#4 Scott Adams
Scott Adams is best known as the creator of the Dilbert comic. If you do not read his blog, you are missing out on the best political analysis that I’ve ever seen. What makes his take fascinating is he isn’t discussing issues, but persuasion.
Adams called for Trump to win the entire election over a year ago. This was back when most people thought his candidacy was a joke. Adams has studied persuasion techniques for decades and saw something in Trump that most didn’t.
It would take too much time to summarize a year of what I learned from him, but the very short version is that most of the decisions we make as humans are irrational and emotional. We later use reason and logic to back up those decisions. This is why debating facts almost never works. We each choose our own facts.
I highly recommend listening to this 68-minute interview with Scott Adams to understand what I am talking about.
#5 Me and the Wikipedia
Using the information I learned from Scott Adams and by reading a single Wikipedia page, I predicted months before the general election that Trump would win by 100 electoral votes. He won by 77.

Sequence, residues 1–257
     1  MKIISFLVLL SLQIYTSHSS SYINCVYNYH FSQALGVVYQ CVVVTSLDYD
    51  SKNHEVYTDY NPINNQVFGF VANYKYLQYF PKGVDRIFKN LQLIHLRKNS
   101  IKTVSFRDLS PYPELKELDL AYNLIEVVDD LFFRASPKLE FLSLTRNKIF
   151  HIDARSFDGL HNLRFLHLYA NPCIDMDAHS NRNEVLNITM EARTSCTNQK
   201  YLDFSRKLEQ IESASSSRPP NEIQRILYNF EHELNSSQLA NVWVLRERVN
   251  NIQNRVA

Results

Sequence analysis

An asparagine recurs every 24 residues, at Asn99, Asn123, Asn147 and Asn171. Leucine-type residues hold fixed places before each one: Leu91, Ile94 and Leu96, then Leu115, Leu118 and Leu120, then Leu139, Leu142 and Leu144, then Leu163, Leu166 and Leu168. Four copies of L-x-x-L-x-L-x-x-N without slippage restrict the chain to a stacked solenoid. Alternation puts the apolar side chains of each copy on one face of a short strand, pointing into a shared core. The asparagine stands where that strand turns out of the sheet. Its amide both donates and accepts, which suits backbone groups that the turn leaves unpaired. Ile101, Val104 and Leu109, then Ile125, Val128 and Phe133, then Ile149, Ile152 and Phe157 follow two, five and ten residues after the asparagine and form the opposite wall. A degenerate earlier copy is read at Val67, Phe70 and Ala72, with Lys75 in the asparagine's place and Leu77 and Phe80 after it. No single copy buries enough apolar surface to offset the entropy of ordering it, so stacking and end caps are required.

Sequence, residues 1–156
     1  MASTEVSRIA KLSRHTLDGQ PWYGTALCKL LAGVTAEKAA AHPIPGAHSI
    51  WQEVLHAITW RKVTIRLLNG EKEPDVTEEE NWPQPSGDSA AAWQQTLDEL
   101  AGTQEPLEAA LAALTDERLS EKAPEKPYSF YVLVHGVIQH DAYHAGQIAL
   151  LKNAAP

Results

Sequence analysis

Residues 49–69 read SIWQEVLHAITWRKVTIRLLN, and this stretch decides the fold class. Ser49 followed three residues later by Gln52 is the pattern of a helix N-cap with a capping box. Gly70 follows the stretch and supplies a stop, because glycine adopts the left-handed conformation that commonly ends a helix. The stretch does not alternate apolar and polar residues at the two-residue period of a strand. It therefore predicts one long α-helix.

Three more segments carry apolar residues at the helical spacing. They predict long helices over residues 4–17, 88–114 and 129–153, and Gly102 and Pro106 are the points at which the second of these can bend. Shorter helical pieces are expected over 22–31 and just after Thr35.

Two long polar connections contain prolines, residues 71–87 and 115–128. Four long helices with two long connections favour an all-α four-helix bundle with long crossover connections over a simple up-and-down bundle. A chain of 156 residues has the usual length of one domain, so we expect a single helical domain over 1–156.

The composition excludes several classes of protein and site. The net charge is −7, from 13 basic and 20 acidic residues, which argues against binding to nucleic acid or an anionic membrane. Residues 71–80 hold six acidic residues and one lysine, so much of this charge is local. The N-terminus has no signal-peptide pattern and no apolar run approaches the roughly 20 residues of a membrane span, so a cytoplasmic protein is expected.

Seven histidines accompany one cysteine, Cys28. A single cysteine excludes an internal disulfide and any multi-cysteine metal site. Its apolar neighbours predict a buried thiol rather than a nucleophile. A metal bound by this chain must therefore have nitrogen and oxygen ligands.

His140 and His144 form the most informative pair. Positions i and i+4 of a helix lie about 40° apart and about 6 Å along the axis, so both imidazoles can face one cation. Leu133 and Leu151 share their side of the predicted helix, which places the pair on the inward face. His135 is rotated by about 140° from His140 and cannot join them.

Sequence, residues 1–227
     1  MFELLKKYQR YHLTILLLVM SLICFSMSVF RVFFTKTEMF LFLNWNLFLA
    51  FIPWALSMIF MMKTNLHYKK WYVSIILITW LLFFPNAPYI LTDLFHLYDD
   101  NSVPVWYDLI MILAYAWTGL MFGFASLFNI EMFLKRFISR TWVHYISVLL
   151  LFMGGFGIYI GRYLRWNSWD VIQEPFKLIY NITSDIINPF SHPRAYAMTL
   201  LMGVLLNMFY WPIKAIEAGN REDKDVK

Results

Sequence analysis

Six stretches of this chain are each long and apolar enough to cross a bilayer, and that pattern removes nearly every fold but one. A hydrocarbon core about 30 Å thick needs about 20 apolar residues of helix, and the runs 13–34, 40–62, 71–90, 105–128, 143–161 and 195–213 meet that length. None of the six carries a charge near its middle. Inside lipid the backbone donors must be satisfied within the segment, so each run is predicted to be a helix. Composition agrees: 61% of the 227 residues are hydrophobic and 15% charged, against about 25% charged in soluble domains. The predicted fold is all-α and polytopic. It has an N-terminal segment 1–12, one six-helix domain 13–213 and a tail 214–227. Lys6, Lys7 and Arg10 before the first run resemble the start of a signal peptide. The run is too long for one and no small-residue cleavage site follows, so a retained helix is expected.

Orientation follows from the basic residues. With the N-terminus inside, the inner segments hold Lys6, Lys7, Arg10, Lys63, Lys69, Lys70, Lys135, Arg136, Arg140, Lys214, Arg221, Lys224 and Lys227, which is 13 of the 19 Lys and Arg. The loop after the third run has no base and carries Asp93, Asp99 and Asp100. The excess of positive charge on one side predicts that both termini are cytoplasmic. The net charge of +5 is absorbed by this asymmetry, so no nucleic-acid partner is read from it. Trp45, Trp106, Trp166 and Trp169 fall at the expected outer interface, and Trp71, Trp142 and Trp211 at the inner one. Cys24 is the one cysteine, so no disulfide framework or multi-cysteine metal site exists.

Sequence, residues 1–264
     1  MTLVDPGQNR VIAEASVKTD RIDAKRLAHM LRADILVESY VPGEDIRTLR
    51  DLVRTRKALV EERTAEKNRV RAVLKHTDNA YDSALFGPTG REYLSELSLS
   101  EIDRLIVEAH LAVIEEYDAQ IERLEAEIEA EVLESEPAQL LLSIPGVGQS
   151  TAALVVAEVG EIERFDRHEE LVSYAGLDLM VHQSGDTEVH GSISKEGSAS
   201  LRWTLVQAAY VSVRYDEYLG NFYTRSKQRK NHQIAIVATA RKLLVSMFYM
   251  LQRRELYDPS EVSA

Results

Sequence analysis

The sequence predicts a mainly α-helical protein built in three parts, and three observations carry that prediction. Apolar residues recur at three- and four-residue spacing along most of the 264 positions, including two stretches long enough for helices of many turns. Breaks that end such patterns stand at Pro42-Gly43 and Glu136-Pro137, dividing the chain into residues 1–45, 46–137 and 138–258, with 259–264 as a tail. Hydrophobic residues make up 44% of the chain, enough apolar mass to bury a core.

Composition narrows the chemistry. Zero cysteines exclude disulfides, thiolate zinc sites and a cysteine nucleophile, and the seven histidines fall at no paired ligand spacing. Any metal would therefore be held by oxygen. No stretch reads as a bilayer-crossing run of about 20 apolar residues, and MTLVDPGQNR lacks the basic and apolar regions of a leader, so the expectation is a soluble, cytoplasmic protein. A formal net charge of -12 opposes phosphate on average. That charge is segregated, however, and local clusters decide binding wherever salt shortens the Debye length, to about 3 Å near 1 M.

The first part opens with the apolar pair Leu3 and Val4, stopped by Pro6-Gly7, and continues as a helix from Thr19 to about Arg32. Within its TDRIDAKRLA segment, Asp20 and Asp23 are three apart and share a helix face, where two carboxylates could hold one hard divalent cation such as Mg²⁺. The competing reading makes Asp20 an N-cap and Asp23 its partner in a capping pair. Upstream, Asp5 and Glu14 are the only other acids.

The page I read: Electoral history of the Libertarian Party (United States)
If you read the Wiki page you will see that the Libertarian Party has historically received 1% or less of the popular vote. Yet during the 2016 election, we consistently saw Gary Johnson polling between 5-9%. Johnson ran in 2012 and only received 1% of the vote. His campaign wasn’t inspiring and he came across as incompetent on 60 Minutes. I sensed there was something wrong with the polls.
My thesis was most of the people polled that said they would vote for Johnson were really saying that they didn’t like either candidate, but really did not like Clinton. In their own mind, they may have honestly believed they would cast a rebel 3rd party vote, but on election day they would defect and vote against Clinton. And that is exactly what happened. In the end, Johnson only received 3.2% of the popular vote. Trump gained most of the Johnson defector votes, as I predicted.
I want to conclude by saying once again that my opinion is not relevant. My goal was to just be better informed and understand the world around me a little better. The four gentlemen listed above and one page on Wikipedia helped me make sense out of 2016.